by the Asset Allocation Committee | PDF
These days, because investors have so many different assets to buy in so many different financial markets, it can be easy to miss an important trend or change in trend. Indeed, that seems to be the case with crude oil, where the long stagnation in U.S. output after the COVID-19 pandemic has suddenly turned into a new surge. In fact, U.S. oil production has recently reached a new record high. In this report, we explore what allowed domestic output to start expanding again, what it means for the global economy, and the potential implications for investors.
As shown in the chart below, U.S. field production has fluctuated quite a bit over the last century. From 1920 to 1970, output grew approximately 4.2% per year, reaching 9.6 million barrels per day (bpd). However, output then fell and plateaued, despite the incentives to produce during the period’s high prices. Beginning in about 1985, production began what appeared to be an inexorable decline in the face of public policy and the limits of the available technology. To many people’s surprise, output suddenly reversed and started growing rapidly again during the Great Financial Crisis of 2008-2009, driven by new technologies such as hydraulic fracturing and horizontal drilling that opened up previously untappable shale formations. U.S. production jumped at an annual rate of 8.7% from 2009 to 2019, reaching almost 13.0 million bpd.
Obviously, the pandemic was a shock to the global economy. With the collapse in demand, oil prices actually turned negative for a short time in early 2020. More importantly, U.S. output fell sharply and appeared to stagnate. Much of the stagnation reflected reduced investment in new exploration and development as investors demanded better capital discipline and a stronger focus on profitability after the many bankruptcies of shale drillers during the period of 2009-2019. Stronger environmental regulations, which aimed to shift the economy away from fossil fuels, also discouraged drilling. Many investors began to question whether the industry could ever grow again.
In mid-2023, U.S. oil output began to accelerate in earnest, likely reflecting the incentive of high energy prices at the time and an unexpected second wind from technology improvements. Press reports say fracking and other shale technologies as well as operating approaches have simply improved more than expected. In any case, U.S. oil output has now reached 13.3 million bpd.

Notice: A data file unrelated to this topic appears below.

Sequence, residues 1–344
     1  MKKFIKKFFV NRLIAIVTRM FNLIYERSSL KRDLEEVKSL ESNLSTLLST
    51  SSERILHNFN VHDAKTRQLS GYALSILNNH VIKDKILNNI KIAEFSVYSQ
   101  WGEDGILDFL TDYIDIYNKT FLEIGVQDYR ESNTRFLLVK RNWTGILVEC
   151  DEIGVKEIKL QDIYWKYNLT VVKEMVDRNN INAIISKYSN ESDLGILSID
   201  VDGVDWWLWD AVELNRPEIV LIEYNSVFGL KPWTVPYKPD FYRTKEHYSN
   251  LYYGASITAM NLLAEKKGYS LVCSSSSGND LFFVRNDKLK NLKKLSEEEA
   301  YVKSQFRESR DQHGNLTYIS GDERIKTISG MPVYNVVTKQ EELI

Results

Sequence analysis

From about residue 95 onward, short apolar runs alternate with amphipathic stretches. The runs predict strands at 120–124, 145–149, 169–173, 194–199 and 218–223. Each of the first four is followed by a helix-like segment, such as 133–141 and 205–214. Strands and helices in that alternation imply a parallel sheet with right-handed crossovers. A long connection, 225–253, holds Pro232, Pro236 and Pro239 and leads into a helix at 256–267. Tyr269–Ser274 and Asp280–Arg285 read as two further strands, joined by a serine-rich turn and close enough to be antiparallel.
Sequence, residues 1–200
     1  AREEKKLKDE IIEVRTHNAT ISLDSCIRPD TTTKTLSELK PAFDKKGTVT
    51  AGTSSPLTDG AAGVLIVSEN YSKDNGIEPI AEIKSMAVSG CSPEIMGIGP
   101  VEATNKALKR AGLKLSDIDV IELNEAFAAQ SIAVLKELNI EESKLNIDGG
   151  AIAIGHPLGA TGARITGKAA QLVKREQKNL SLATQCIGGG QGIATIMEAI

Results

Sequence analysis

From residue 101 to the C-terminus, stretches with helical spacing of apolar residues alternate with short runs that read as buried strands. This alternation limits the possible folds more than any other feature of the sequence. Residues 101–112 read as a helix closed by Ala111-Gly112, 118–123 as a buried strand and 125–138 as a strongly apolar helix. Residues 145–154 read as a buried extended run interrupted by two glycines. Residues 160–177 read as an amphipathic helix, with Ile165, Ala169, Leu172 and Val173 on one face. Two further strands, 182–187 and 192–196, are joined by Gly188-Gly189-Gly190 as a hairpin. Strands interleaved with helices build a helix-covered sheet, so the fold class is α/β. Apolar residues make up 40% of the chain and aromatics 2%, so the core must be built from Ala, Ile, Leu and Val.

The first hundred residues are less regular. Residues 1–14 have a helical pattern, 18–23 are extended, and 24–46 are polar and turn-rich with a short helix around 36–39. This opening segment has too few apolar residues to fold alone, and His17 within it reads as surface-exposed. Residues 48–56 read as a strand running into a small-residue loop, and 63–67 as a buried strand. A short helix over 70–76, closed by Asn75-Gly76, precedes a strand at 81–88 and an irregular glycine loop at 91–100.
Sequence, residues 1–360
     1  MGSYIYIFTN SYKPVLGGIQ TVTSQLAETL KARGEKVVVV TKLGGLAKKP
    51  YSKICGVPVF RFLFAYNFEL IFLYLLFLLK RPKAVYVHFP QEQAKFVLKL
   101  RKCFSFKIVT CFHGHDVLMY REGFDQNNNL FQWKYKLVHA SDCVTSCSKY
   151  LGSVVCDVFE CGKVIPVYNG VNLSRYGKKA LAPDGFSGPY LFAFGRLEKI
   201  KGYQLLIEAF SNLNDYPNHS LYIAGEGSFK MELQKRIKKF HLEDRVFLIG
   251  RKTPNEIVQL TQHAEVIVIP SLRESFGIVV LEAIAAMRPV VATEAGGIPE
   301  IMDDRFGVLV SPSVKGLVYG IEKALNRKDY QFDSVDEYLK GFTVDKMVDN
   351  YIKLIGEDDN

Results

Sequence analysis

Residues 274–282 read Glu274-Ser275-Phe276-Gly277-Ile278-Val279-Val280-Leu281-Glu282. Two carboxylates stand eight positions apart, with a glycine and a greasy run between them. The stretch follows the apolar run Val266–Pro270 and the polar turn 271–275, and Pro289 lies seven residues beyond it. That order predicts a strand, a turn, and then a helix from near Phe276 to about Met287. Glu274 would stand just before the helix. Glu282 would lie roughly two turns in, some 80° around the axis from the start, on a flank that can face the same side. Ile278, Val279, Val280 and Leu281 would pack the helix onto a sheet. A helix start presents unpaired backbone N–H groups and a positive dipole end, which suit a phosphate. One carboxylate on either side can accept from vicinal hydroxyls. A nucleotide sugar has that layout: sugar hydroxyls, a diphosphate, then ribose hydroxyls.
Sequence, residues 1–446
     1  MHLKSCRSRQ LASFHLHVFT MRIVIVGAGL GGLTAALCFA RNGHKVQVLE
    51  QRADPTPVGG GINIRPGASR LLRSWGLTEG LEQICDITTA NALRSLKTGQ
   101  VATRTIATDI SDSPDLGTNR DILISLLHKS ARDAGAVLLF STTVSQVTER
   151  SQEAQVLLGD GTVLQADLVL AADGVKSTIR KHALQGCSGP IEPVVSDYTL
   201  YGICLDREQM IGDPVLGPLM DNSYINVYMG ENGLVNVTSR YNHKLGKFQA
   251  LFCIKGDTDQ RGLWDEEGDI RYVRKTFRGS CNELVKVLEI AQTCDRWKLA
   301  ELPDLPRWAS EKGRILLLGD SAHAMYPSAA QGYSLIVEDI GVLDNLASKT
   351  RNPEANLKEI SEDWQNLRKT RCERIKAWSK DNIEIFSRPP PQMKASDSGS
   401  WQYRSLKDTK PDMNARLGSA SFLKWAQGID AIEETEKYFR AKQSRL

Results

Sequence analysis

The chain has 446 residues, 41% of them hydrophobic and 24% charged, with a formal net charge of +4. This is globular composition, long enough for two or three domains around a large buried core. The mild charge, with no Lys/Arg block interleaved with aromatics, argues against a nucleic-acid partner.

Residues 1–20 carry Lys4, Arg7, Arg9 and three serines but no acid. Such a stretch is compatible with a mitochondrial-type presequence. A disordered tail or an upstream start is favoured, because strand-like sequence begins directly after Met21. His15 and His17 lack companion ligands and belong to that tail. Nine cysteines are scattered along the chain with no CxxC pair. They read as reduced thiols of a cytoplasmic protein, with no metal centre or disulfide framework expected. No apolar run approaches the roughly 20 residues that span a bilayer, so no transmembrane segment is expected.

For the global economy, booming U.S. oil output doesn’t just mean that the country has become the world’s largest producer (which it has). As shown in the chart below, it also means that the U.S. has been able to significantly scale back its imports of foreign oil.
Surging U.S. oil production has altered global pricing dynamics. For example, before the shale boom, U.S. domestic oil prices (represented by the West Texas Intermediate) were typically slightly higher than foreign prices (represented by Brent Crude). For the last decade, however, the rich supply of domestic oil has held down U.S. prices. Reduced U.S. import demand and new laws allowing U.S. oil exports have also improved supplies for other countries. As shown in the following chart, Brent Crude now tends to trade several dollars higher than WTI. Nevertheless, the U.S. changes haven’t been enough to totally offset the fact that Saudi Arabia and its partners in OPEC and OPEC+ are withholding supplies in order to boost prices.
Going forward, the unexpected rebound of U.S. oil output and exports signifies that American production could help keep a lid on global prices for an extended period, even as the OPEC+ countries continue to withhold barrels. What could change the outlook? One key risk that we’re focused on is the possibility of a geopolitical crisis that disrupts supplies from a major foreign producer or exporter. If such a crisis occurs outside the Middle East, the availability of excess output capacity in Saudi Arabia and the rest of OPEC+ could potentially fill in the gap. If the crisis disrupts Middle Eastern supplies, however, the result would likely be a spike in global prices despite the renewed U.S. output boom and excess production capacity in the region.